Prevention in the oncology setting has traditionally focused on the progression of cancer, recurrence and development of new cancers. Increasingly, the focus has moved to a more holistic view of prevention that pursues prevention of suffering and maintaining quality of life. The cancer treatment team has the opportunity to play an active role in the promotion of healthy lifestyles for patients, and the relatives for whom the patient’s cancer conveys risk. Assisting patients to adhere to ‘non-cancer’ care is important for their mortality and morbidity. Given patient’s reluctance to disclose physical and emotional side-effects they may be experiencing, there is a need for health providers to regularly initiate discussions with their patients about their needs. Similarly, an oncology service that actively seeks to understand patient preferences will be better equipped to provide individualised care. A systems-minded approach to prevention may ensure that cancer care is organised to anticipate and to prevent of poor quality care. As the cancer treatment team will continue to play a more complex role in prevention, they must be supported by organisational factors that facilitate evidence-based practice.
Consumer engagement has blossomed in recent decades into a comprehensive approach not only engaging people in their own care, but also in key health care system improvements at a range of levels including health services, research, governance and policy. These changes parallel international progress in patient based care and culminate in the recognition of the need for consumer partnerships in recent national and state frameworks. Striving to deliver patient-based care means that we need to rise above the ‘disease-based’ model of care. Consumer engagement to improve Australian cancer care has grown to support all aspects of the journey.
Cancer patients face psychological and physical challenges after diagnosis, and can benefit greatly from appropriate psychosocial care. This paper presents a brief history of psychosocial oncology care and recent developments in Australia. Consumers, doctors, nurses, allied health and psychosocial health professionals have all played an important role in this area. Some highlights include: the Australian psychosocial clinical practice guidelines;the development of key patient reported outcome measures; documentation of stress and burnout in oncology health professionals; the development and evaluation of communication resources; a recent focus on survivorship; and a growing body of intervention research which is aiming to be clinically feasible and implementable. The Clinical Oncological Society of Australia hosted the first psycho-oncology professional group in Australia, supporting the development of psychosocial guidelines for adolescents and young adults and undertaking key work in survivorship and rural issues.
Over the last five years there have been tremendous changes in the care of adolescent and young adult cancer patients in Australia, generally accepted as 15-25 years old. There has been recognition that the needs of adolescent and young adults with cancer are different from both adults and younger children, and warrant specialised services. A cancer diagnosis during this period of transition has the potential to significantly impact upon many areas of normal development including physical, psychological, social, sexual, educational and financial domains. Relatively little is known about the basic biology, genetic, epidemiologic, therapeutic and economic factors that affect incidence, disease outcomes and cancer related quality of life in this population. This paper explores the medical and psychosocial needs for these patients and summarises the recent progress of the Youth Cancer program in Australia, which has led to the development of this new subspeciality and the creation of youth cancer services.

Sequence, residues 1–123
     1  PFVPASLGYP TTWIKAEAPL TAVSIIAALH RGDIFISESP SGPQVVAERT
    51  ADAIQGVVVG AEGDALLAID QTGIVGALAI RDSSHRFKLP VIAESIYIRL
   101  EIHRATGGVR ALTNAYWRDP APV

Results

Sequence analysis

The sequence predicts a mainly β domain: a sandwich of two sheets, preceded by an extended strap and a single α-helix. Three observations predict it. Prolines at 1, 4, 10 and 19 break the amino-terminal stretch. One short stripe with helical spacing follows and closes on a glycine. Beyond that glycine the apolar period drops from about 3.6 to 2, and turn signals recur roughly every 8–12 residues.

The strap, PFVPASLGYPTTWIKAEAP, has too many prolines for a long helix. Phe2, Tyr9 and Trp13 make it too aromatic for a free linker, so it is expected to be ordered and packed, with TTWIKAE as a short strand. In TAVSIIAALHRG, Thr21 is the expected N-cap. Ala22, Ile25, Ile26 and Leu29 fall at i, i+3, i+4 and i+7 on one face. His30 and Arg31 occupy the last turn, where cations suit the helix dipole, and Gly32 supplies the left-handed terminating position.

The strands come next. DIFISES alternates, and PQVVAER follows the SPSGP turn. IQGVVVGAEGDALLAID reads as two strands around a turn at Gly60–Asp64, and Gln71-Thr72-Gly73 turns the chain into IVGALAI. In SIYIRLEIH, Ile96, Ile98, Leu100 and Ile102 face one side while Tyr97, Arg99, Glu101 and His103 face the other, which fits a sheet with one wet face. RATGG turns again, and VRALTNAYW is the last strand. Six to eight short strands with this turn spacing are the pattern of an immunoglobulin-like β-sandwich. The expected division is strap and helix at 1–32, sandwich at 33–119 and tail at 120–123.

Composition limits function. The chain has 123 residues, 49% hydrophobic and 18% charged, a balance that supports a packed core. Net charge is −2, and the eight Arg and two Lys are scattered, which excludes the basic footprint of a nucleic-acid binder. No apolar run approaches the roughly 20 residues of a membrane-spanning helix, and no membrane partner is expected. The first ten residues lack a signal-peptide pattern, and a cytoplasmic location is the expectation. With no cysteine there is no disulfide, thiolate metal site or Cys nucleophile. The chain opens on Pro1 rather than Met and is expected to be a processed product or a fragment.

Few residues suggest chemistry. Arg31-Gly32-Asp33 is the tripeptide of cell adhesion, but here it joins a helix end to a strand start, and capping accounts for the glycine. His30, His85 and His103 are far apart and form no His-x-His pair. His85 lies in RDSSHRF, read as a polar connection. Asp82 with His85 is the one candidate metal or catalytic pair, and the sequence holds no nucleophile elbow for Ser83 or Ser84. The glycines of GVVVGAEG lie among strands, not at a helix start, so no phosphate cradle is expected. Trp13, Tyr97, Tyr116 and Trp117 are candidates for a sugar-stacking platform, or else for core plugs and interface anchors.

It is increasingly evident that inequalities exist for Indigenous people with cancer. Incidence for all cancers combined is similar to or lower than that of non-Indigenous people, but incidence of cancers with a poorer prognosis, such as lung cancer, is higher among Indigenous people, largely due to higher rates of smoking. Indigenous Australians with cancer are diagnosed with more advanced disease and are less likely to receive or complete curative treatment than non-Indigenous Australians. Wide disparities exist in cancer survival between Indigenous and non-Indigenous Australians, particularly in the first year after diagnosis. The need to improve cancer-related health services for Indigenous Australians is apparent, however the available evidence is currently inadequate to effectively direct efforts. For example, despite high cancer mortality rates, there is little information about palliative care services, their models of care or their uptake by Indigenous cancer patients. Through an increased understanding of how cancer affects Indigenous Australians and the establishment of collaborations, in particular the recently funded Centre for Research Excellence DISCOVER-TT, and networks such as the Clinical Oncological Society of Australia, an opportunity for targeted efforts in improving cancer outcomes for Indigenous Australians is tangible.
Cancer is the leading cause of illness in Australia and is a national health priority. Primary care in Australia is well positioned to support individuals diagnosed with cancer and their family/caretakers. However, obstacles exist that impact on the quality and continuity of care that primary care providers and community health professionals can provide. A rapid review of the research available revealed that the knowledge, attitudes and beliefs held by health professionals and patients can impact engagement in early detection, treatment and follow-up care. Health professionals have limited knowledge of evidence-based practices while cancer literacy among minority groups, including Aboriginal Australians, is lower than the population overall. In this paper, we provide a summary of the rapid review of the literature and provide some recommendations based on our research.
Over the past 40 years, the nature and scope of cancer nursing practice has been shaped to a large extent by scientific and medical advances, as well as by social, economic and political factors. Nurses’ role in cancer care has evolved from being predominantly functional and dependent in its approach to being a specialty with clearly defined standards of practice underpinned by a growing evidence base and an agreed set of professional performance capabilities. The unique contribution that nurses make to minimising the effects of cancer on a person’s life and improving the patient experience is now well established and Australian cancer nurses are recognised as leaders in the field internationally. Nurses have achieved improved outcomes for people affected by cancer as part of a multidisciplinary team. By being active participants in the Clinical Oncological Society of Australia for at least 30 of the organisation’s 40 year history, Australian cancer nurses have been provided unique opportunities for professional development and inter-professional collaboration. To meet future challenges in delivering quality cancer care, cancer nurses will need to be full partners with consumers and with other health professionals in redesigning health care systems that are more responsive to changes in social, demographic, scientific and technological contexts.